Influenced by Johan Christian Clausen Dahl - a Romantic landscape painter - Edmund Hottenroth turned towards realism and always aimed for a realistic rendering of landscape and mood. Presented here are the ruins of Paestum immersed in delicate evening or morning light. The site is located in Campania in Southern Italy. Although Hottenroth intention was an image true to nature, one still feels the touch of a romanticized glorification.
The painting is in good condition, consistent with age. The surface shows craquelure in places, along the edges slight abrasion due to framing can be seen occasionally. Upon an investigation with UV-light, several touch-ups appeared, especially along the edges. In the area of the clouds on the left half of the image two small restorations with patches to the reverse can be found. The frame is in very good condition.
Edmund (also Edmond) Hottenroth (1804-1889)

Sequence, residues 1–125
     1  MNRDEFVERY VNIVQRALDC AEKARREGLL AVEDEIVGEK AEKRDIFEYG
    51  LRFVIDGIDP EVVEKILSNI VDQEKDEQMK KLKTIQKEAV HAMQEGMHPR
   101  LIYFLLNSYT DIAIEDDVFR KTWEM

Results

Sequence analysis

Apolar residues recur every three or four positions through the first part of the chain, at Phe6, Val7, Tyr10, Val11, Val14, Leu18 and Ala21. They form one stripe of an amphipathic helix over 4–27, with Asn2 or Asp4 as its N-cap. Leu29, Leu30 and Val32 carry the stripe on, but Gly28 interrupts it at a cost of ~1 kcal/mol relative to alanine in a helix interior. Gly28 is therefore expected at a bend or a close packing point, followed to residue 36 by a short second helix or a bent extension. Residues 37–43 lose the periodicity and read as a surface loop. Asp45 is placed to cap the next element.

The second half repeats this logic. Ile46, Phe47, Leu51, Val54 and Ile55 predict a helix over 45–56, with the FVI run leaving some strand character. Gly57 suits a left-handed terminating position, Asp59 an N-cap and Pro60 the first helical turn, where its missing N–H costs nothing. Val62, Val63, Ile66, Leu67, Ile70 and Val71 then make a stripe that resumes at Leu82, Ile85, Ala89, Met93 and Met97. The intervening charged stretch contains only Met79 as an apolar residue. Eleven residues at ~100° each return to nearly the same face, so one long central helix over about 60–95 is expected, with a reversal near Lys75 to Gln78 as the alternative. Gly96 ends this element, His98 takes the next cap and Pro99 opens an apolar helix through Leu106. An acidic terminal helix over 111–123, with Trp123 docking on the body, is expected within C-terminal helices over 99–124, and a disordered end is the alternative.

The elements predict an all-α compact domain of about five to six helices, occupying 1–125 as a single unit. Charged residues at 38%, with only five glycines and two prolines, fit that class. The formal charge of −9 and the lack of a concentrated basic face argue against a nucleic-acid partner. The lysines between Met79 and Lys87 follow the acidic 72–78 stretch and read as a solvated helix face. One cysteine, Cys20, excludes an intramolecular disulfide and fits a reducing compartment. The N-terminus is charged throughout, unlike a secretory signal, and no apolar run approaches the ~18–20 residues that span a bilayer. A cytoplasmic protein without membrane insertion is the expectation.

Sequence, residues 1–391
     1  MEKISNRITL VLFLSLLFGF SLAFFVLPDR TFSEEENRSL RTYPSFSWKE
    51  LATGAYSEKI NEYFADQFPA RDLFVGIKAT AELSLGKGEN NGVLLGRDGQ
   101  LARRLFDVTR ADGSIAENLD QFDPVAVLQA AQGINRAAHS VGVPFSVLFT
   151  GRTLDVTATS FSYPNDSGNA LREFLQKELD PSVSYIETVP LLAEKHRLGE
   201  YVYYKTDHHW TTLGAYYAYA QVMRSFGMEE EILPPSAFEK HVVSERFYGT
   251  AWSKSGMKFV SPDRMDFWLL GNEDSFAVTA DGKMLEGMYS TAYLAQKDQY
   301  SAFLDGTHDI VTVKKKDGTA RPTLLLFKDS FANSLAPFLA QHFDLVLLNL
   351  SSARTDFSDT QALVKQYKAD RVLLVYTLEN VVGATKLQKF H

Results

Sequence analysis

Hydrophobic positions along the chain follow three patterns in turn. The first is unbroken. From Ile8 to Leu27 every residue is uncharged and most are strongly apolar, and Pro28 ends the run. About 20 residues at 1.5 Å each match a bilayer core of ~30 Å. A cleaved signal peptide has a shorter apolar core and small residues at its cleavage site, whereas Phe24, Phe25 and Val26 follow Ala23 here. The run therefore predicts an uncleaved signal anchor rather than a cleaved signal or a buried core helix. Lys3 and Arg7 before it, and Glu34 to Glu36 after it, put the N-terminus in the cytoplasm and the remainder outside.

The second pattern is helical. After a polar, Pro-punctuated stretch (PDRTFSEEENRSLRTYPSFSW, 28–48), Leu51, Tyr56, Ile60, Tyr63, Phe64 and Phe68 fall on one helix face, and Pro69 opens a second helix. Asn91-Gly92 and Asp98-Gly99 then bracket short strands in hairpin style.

Under the guidance of his father, Hottenroth dealt with drawing and painting from nature since early adolescence. From 1816-17, he attended the drawing school of the Königlich Sächsische Akademie der Bildenden Künste in Dresden, but unlike his brother he was not able to continue his studies at the Art Academy due to financial reasons. Thus from 1817 onwards, he trained as businessman in Dresden. Nevertheless, he kept on studying painting from nature autodidactic and also received instructions from Caspar David Friedrich and Johan Clausen Dahl. Together with his brother Hottenroth traveled to the Sudeten Mountains and to Paris and finally via Switzerland to Italy. From 1930 onwards, he lived and worked in Rome until his death and was also a member of the local German artist circle. (nlu)